We also found significant coverage differences for the topmost layer (Figure 7) and for all layers (Figure 8), which correspond to the frequency of cloud overlap. For C1, regions in storm tracks and the Intertropical Convergence Zone (ITCZ) show large difference. Striking differences also appeared in storm tracks for the C2 and VFM results.
Figure 9 illustrates the mid-level coverage of the topmost layer for each mask. The difference among C1, C2, and VFM was small, and contrast between land and ocean was rarely observed. In each result, little coverage exists except in storm tracks, which suggests the rarity of clouds with tops located in the middle level. We found somewhat large cloud coverage by MODIS over the western coasts of continents, especially over Peru (∼57%) (Figure 9d). This may correspond to the MODIS overestimation of CTP in the low level, as described above.
 For C1 (Figure 10a) and C2 (Figure 10b) regarding all layers in the middle level, contrast between land and ocean was rarely observed, and the longitudinal variation of the cloud free subtropical high became clear. We can also see from the comparisons between Figure 9 (for the topmost layer) and Figure 10 (for all layers) that cloud overlap occurs frequently, as in the low level.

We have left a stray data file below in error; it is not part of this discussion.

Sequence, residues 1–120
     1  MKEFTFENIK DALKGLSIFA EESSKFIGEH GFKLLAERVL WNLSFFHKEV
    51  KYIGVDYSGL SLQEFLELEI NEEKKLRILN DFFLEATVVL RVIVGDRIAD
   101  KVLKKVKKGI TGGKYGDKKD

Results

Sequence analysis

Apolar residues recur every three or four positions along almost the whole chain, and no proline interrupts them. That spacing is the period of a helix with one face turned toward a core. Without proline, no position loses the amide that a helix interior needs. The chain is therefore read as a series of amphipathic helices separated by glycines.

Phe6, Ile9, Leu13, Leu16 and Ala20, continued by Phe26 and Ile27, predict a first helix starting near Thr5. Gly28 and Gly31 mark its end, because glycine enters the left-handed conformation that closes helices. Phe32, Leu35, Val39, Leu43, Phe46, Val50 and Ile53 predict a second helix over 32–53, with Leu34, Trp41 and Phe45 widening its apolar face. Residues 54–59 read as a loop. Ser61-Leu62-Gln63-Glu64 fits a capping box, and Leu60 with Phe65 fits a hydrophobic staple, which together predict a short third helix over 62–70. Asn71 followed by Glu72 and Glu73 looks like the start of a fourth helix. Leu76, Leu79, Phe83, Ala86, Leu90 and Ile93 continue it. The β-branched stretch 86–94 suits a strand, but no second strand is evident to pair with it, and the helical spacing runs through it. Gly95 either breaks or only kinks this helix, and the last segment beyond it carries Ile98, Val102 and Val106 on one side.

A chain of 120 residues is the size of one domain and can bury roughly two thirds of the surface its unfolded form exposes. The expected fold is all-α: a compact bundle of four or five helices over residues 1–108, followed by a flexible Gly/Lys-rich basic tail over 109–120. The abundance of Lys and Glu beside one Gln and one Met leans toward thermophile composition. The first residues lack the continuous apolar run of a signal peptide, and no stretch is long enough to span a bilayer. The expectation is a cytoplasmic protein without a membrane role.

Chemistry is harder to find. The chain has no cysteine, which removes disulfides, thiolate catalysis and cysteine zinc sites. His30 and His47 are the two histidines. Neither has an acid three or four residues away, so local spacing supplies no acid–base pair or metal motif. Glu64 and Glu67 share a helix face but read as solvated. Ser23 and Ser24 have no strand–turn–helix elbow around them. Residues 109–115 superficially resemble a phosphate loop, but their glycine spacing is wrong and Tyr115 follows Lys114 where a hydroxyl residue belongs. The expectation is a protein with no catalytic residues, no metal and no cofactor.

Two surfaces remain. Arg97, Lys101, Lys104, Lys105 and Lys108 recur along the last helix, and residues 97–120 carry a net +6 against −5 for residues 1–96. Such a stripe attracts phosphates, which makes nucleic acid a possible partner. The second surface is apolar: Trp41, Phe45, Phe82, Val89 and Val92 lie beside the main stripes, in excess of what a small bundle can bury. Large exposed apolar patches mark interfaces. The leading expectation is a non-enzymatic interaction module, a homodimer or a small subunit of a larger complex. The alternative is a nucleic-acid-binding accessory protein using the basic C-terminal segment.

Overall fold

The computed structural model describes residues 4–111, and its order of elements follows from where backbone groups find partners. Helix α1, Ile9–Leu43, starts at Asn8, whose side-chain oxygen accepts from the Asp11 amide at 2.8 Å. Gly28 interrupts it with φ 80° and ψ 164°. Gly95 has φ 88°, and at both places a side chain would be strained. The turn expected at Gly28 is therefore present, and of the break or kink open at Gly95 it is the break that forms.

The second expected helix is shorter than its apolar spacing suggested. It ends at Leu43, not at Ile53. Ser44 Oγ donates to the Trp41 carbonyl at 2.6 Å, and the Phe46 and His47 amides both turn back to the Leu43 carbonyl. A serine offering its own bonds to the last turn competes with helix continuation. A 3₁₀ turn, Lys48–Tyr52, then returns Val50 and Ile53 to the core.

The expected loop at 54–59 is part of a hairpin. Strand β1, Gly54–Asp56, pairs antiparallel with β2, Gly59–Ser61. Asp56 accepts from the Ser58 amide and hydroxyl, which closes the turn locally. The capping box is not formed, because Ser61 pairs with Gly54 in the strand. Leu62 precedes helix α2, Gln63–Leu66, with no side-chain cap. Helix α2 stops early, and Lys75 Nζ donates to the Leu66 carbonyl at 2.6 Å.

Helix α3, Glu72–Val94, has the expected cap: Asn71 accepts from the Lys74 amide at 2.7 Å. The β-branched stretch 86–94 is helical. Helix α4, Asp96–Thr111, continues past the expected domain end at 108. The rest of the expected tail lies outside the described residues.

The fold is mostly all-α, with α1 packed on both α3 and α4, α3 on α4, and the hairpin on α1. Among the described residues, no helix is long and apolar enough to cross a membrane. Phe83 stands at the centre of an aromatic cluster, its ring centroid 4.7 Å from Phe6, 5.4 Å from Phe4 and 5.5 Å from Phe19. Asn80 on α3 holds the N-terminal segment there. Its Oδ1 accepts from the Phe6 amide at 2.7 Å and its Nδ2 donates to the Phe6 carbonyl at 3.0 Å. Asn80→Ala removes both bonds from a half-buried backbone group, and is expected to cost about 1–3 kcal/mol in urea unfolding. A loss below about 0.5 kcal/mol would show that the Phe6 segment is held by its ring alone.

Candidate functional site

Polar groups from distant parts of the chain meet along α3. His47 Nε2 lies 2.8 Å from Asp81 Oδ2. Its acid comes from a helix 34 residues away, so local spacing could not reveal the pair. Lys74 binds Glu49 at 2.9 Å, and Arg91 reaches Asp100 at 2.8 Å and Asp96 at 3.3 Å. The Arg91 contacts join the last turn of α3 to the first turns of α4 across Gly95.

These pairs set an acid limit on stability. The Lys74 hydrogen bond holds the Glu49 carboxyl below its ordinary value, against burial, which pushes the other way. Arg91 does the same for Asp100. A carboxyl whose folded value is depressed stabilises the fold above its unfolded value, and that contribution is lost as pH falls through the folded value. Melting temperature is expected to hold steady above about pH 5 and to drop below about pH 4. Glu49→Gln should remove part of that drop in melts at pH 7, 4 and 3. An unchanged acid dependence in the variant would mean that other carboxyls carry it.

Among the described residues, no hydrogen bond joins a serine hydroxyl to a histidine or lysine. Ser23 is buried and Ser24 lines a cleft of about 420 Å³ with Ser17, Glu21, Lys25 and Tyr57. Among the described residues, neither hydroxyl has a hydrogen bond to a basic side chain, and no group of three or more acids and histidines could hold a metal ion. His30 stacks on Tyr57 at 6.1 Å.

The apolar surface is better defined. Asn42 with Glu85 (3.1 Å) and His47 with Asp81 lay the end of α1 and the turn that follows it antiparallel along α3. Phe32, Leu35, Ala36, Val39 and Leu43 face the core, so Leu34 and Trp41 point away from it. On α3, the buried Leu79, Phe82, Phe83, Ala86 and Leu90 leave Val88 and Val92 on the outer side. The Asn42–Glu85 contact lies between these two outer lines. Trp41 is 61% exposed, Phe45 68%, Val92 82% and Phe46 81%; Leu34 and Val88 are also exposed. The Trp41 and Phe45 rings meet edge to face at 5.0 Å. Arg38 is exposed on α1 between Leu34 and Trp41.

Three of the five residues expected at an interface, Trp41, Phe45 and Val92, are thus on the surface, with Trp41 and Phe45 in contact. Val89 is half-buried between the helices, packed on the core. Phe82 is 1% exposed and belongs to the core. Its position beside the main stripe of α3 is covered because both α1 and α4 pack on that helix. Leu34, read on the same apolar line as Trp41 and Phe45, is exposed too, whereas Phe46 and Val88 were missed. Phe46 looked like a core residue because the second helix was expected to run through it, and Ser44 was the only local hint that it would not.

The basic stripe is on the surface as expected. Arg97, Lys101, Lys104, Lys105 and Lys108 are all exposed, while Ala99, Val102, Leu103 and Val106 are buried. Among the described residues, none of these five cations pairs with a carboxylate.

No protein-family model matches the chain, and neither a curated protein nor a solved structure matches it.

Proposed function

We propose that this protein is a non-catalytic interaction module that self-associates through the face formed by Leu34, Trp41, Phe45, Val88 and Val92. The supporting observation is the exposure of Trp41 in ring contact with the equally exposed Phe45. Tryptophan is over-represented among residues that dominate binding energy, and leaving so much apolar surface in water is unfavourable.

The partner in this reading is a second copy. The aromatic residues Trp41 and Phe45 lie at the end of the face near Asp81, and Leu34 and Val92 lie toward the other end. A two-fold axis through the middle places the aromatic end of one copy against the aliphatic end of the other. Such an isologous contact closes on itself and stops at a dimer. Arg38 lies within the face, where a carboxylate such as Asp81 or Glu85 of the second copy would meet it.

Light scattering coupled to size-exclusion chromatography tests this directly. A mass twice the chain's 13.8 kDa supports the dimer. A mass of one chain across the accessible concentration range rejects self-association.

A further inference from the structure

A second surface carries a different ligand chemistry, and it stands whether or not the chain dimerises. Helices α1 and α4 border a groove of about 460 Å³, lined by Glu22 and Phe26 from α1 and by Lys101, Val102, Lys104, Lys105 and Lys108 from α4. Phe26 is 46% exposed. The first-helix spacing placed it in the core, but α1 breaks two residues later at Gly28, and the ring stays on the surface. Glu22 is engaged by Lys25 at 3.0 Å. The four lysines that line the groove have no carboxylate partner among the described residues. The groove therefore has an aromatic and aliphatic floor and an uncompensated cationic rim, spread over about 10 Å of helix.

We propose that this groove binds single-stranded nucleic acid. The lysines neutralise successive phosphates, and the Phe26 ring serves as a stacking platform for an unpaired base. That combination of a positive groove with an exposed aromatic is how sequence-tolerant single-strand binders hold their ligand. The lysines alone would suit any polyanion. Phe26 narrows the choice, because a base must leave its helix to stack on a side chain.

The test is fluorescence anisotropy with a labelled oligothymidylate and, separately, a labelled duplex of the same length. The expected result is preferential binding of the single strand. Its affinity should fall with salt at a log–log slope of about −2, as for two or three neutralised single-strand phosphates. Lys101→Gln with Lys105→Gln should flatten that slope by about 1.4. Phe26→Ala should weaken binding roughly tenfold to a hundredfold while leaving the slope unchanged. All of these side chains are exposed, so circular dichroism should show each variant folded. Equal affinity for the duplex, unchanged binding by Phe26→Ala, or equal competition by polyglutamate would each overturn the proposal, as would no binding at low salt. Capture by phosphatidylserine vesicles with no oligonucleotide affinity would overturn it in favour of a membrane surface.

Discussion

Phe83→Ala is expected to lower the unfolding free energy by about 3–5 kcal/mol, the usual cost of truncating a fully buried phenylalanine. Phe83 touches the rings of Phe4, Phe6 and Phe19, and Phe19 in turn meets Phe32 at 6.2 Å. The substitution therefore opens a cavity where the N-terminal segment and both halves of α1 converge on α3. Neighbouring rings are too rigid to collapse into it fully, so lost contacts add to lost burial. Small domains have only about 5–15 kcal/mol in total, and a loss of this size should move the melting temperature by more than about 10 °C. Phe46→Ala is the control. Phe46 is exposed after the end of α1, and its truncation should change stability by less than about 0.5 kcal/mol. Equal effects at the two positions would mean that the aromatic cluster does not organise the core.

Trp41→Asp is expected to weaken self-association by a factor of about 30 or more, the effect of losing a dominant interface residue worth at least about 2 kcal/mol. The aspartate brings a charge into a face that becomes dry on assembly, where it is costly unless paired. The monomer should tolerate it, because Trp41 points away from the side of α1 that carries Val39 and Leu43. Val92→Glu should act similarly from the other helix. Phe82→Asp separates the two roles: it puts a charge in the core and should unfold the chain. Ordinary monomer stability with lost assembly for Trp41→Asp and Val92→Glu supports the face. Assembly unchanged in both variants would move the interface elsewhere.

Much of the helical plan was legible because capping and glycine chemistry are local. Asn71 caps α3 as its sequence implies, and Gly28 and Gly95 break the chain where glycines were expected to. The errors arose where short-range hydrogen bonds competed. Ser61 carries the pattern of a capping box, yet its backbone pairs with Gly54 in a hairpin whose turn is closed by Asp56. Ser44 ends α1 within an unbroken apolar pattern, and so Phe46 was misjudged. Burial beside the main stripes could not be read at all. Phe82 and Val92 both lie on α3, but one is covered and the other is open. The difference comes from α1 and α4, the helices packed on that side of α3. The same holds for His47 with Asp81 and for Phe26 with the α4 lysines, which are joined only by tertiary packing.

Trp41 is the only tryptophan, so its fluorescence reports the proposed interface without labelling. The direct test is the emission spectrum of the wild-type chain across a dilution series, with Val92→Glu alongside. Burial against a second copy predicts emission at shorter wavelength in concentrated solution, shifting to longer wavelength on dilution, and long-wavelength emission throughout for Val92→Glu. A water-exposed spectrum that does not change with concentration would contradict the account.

In the high level (Figure 11), C2 showed significant cloud coverage (e.g., 70% in the ITCZ, central Africa, and central South America), with the largest feature of cloud cover extending from the Asian monsoon region to the western Pacific warm pool (Figure 11b). C2 indicated the set of subtropical jet streams with large cloud coverage. These high-level cloud distributions found by C2 are consistent with findings of previous studies [e.g., Jin et al., 1996; Wylie et al., 2005]. The cloud distributions by MODIS (Figure 11d) are similar to those by C1, C2, and VFM. The MODIS coverage is the same as that of C1 in the tropics but smaller in other regions.